"All these legal actions have failed to reach the minds and hearts of the powers in this nation," he said.
That argument failed to sway [Judge] Baxter...
With that, she smiled and fined Ochalek $500.
At least two defendants said they will not pay the money.
"I intend to go to jail," said Katherine White.... "How else can I sleep at night? How can I stand idly by as more of our giifted young men and women lose their lives in service to the ecomonic and political ambitions of the few, the powerful, the priviledged?"
Judge Baxter set the deadline on paying the fine at September 27; after that, the protesters would be found in contempt, and face a prison sentence possibly as long as 6 months. The three youngest protesters paid the fine, but the remaining six refused to pay, and hence faced Judge Baxter one more time on charges of contempt. That took place today. I went to the U. S. District Courthouse today to support my friend, and I witnessed the hearing.
Each of the protesters took the stand and stated their motivation for not paying the fine. The argument, as far as I could tell (and I'm not a lawyer, so don't jump on me), was that they were not acting "willfully" in their refusal to pay. The testimony given by each of the protesters was beautiiful and moving. Mr. James L. Wise spoke first as a representative for the entire group, listing 22 actions by the Bush Administration which he considered immoral. (He later said that his list was oriiginally twice as long, but he redacted it so that it would fit on one page.) The prosecuting attorney, Christian Trabold, tried to get Wise to state that his actions were politically motivated, rather than being based purely on moral grounds. Wise defended himself by saying that political action is how to apply one's moral view. [We do not act against the policies of the Bush administration because they are implemented by Republicans; we do so because they are are immoral, and it wouldn't matter who was implementing them. And of course, the fact that Katie is a Republican completely neutralized the "politics" assault.]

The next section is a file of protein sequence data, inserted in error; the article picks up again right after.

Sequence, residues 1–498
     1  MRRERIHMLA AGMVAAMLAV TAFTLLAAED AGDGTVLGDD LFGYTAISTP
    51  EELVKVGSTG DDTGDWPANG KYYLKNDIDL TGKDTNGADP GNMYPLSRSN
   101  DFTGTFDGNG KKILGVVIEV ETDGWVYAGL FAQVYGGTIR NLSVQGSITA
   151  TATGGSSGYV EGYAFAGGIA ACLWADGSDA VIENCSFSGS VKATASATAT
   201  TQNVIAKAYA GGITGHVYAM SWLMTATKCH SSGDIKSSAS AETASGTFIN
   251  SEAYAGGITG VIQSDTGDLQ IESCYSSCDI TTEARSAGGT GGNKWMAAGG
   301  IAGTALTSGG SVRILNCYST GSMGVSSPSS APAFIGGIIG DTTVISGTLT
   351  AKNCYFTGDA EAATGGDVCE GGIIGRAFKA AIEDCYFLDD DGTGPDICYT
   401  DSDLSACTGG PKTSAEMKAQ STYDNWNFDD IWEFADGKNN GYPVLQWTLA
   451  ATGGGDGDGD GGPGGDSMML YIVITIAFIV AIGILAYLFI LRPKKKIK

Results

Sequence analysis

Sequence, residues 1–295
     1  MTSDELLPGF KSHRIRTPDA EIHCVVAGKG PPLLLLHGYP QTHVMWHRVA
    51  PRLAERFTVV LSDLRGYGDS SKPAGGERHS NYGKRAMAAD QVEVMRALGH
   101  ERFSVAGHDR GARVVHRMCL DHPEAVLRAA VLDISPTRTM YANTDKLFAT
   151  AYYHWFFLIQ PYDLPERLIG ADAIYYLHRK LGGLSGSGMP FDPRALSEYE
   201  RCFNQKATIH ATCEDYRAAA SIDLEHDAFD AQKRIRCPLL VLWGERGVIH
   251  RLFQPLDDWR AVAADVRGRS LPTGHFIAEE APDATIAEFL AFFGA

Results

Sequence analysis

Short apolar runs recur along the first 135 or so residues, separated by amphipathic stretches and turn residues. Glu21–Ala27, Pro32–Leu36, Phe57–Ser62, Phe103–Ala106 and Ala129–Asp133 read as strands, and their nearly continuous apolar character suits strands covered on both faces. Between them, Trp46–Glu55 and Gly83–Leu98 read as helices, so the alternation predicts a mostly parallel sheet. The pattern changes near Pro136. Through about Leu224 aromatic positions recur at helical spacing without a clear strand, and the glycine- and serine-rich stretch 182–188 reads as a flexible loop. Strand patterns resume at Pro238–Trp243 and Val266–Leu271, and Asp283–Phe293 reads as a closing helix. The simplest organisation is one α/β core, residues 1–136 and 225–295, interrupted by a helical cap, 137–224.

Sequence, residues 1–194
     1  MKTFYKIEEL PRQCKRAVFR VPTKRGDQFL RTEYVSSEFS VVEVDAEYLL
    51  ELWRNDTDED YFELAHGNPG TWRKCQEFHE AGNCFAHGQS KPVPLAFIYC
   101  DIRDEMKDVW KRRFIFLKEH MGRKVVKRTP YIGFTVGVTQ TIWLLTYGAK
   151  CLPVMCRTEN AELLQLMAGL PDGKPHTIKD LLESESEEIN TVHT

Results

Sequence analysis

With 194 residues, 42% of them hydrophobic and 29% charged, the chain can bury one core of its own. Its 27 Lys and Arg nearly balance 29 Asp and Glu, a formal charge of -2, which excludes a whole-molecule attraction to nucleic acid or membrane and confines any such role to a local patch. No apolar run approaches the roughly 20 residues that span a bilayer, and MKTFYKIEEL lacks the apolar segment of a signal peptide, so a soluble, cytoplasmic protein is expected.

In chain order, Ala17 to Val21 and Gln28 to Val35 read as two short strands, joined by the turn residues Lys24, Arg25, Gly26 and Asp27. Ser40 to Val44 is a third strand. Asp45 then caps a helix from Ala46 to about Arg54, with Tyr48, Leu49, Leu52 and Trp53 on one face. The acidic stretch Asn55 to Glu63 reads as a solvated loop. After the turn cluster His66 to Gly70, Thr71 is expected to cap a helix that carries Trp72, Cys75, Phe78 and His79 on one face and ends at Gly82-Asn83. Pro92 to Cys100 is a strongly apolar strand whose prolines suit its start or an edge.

The next protester to offfer testimony was Robert H. Johnson, a Vietnam War veteran who suffers from PTSD and survivor guilt. After he questioned an expert witness on the topic of PTSD, he gave a description of his horrrific experiences in Vietnam, and stated that if his action could save just one young soldier from having either his body or his mind shredded, then going to jail would be worth it.